Costs of Preserving the Snake Dams
Another pending issue is the problem of silt piling up behind Lower Granite Reservoir in Lewiston, Idaho. The levees around Lewiston were built by the Army Corps to prevent flooding, providing 5 feet of freeboard (overtopping safeguard). But they underestimated how high they'd need to build the levees. Now the sediment is piling up and the Army Corps could flood the city if corrective action isn’t taken. The levee freeboard was last measured at 1.5 feet.

Steve Hawley, author of Recovering a Lost River: Removing Dams, Rewilding Salmon, Revitalizing Communities says the Corps would need to remove 50,000 dump truck loads of dirt to prevent the silt buildup on an annual basis. The Army Corps estimates that it will cost $2.7 million to $36 million a year to dredge the channel and avoid the cost of building up the levees ($95 million). Who's going to pay for that?

Jim Kluss, a Lewiston City Council member and business owner, says he is no fan of taking out the lower Snake dams, but he notes, "the vast majority of the people here don't know what's going on with the levees."

"The choice we have now is dredging, raising the levees or tearing out the dams," Kluss told Hawley. "And I can tell you, there's little to no support around here for raising the levees. We'll see what happens with the dredging. If that doesn't come to pass, you might see a lot of folks around here start linking up behind dam removal."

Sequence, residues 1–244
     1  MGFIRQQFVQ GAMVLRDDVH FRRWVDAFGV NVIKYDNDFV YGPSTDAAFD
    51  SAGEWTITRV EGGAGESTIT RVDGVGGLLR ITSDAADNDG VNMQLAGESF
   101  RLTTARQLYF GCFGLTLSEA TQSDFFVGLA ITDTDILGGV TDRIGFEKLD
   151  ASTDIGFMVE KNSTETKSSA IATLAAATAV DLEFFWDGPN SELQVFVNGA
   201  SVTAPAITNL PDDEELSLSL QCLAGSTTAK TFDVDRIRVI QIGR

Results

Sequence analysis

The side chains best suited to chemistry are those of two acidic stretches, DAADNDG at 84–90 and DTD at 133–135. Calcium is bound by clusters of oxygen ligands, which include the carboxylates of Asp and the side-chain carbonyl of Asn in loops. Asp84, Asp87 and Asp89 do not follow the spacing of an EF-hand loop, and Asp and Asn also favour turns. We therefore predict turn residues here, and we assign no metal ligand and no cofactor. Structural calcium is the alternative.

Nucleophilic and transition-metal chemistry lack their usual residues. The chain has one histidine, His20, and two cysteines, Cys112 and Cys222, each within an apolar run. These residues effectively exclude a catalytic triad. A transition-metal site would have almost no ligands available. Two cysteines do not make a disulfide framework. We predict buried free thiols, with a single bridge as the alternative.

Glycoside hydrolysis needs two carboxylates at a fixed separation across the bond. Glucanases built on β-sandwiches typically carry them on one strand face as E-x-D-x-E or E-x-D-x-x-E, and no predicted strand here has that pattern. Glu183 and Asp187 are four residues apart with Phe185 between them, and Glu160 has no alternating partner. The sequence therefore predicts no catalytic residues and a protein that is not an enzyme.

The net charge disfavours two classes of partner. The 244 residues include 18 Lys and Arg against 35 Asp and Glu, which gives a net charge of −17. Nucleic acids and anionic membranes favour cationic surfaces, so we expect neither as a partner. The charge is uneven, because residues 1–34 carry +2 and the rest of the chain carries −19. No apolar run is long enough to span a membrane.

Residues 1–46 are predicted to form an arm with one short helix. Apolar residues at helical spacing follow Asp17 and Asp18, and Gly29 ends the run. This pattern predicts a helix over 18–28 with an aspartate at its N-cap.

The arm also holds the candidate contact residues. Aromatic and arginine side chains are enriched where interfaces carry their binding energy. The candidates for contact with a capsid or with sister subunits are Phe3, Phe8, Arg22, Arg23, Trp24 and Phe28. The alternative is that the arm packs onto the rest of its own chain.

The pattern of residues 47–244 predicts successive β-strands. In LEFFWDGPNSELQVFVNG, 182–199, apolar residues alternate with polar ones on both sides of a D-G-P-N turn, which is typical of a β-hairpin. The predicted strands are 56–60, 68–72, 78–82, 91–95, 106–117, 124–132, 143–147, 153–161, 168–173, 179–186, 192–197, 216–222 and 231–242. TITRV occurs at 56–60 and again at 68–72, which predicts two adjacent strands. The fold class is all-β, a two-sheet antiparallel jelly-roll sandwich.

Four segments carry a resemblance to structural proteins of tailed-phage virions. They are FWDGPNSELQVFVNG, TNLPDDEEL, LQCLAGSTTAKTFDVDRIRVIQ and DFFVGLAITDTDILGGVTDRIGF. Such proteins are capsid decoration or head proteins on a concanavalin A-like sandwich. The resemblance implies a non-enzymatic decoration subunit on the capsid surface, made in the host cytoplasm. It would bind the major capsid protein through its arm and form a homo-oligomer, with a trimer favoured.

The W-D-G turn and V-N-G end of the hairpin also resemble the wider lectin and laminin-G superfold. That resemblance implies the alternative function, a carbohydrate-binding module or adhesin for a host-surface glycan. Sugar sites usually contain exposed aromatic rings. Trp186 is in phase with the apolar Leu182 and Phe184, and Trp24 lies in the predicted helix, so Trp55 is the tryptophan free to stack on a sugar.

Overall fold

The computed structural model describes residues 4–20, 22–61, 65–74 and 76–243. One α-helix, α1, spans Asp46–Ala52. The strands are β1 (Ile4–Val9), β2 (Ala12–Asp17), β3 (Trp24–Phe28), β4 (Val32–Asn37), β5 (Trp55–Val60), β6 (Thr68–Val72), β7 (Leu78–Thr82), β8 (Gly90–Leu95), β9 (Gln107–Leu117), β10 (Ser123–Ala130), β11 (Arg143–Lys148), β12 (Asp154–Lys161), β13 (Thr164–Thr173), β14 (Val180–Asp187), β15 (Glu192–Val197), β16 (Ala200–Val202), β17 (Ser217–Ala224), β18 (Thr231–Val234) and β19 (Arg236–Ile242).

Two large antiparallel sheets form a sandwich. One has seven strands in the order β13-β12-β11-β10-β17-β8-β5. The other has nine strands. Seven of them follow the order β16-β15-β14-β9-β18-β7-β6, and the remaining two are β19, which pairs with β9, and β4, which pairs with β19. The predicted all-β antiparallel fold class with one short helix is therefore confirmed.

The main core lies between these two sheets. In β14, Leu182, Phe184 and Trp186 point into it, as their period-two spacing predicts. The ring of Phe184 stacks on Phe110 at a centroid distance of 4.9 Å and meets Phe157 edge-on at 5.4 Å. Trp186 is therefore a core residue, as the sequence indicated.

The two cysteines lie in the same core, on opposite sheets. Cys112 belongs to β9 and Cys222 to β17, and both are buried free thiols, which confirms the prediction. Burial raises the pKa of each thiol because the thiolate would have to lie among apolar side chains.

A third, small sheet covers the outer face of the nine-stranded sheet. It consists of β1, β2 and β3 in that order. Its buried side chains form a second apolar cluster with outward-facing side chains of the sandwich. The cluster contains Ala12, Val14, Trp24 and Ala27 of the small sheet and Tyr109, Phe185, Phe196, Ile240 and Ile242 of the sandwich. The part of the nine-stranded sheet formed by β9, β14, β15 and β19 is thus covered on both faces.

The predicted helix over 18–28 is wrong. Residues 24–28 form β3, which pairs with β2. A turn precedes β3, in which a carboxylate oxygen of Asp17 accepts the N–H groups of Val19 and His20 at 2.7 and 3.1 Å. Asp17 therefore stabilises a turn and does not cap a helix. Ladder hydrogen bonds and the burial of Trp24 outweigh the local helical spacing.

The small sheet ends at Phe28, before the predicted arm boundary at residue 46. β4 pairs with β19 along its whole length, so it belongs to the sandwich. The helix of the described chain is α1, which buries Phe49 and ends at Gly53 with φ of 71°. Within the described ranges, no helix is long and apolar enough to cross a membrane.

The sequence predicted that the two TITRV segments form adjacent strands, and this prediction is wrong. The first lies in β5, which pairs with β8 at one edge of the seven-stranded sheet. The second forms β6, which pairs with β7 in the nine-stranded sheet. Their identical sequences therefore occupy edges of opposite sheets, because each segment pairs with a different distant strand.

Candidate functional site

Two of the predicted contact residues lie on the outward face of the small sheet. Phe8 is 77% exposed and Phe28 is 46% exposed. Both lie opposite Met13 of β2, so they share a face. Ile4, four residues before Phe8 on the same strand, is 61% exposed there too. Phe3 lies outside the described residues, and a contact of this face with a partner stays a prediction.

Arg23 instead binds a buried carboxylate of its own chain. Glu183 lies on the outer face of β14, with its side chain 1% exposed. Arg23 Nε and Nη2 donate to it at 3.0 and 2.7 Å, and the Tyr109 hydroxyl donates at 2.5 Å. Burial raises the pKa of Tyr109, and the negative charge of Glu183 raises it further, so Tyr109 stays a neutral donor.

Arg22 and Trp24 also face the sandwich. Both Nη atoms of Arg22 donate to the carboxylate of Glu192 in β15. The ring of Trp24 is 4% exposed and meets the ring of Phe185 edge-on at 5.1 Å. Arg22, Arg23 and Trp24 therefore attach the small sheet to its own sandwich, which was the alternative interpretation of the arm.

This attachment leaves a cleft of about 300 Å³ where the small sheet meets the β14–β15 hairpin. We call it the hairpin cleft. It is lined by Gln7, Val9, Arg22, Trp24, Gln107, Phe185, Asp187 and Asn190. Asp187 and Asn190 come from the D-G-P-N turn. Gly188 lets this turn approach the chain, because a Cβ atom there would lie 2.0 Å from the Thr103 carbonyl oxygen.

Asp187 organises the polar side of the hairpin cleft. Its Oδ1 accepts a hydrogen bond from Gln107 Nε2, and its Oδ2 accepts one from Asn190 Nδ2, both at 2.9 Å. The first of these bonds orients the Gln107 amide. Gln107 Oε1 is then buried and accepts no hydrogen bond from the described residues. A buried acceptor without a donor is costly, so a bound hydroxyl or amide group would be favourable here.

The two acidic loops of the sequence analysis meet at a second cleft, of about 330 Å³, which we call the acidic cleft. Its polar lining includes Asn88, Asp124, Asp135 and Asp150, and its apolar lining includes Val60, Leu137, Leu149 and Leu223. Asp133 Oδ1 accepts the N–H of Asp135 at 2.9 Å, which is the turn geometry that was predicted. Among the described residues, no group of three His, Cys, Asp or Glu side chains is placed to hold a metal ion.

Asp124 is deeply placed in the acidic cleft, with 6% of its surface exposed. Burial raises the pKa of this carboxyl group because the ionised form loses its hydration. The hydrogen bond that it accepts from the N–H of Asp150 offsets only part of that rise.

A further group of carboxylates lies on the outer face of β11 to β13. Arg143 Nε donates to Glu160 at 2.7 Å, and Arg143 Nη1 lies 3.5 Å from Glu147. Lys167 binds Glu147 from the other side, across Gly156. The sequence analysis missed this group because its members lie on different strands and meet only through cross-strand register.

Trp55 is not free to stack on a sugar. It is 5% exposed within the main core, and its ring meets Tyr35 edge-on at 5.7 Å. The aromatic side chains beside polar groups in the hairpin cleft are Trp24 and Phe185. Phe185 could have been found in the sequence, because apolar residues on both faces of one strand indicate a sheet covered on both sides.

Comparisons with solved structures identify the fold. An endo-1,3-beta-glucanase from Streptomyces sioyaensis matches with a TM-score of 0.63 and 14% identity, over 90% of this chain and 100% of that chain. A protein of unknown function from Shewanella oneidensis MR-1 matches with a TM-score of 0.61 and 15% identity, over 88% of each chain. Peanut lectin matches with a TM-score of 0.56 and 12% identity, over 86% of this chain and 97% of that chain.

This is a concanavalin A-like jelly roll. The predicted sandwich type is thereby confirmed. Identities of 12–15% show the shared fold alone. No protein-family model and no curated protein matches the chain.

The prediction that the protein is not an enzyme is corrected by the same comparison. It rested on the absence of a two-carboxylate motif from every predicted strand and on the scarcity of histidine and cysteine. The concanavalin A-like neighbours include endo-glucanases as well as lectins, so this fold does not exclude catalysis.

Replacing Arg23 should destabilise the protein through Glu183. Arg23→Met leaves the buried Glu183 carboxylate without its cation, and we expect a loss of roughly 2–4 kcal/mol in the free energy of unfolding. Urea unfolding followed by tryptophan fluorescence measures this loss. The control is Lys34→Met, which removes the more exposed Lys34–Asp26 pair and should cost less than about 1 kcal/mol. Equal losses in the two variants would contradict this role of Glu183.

Expenditures – Salmon Habitat and Hatcheries
The BPA salmon recovery strategy is more about renovating tributary habitat than seriously dealing with the mainstem migration corridor. Currently millions of dollars are being spent to improve habitat. Reconnecting small tributary streams to larger ones, adding water to dry streams and riparian planting and fencing will all contribute to the overall health of the salmon environment but it will not allow salmon to attain viability or recover the populations.

Hatcheries were built to compensate for salmon and steelhead mortality caused by the Lower Snake River Dams. They receive about $25 million per year in BPA funds. Congress passed legislation in early1980s requiring the federal government replace lost fishing opportunity. The mitigation goals for hatchery fish have yet to be met. As salmon begin to recover - after Lower Snake Dam removal - hatchery spending could be reduced.

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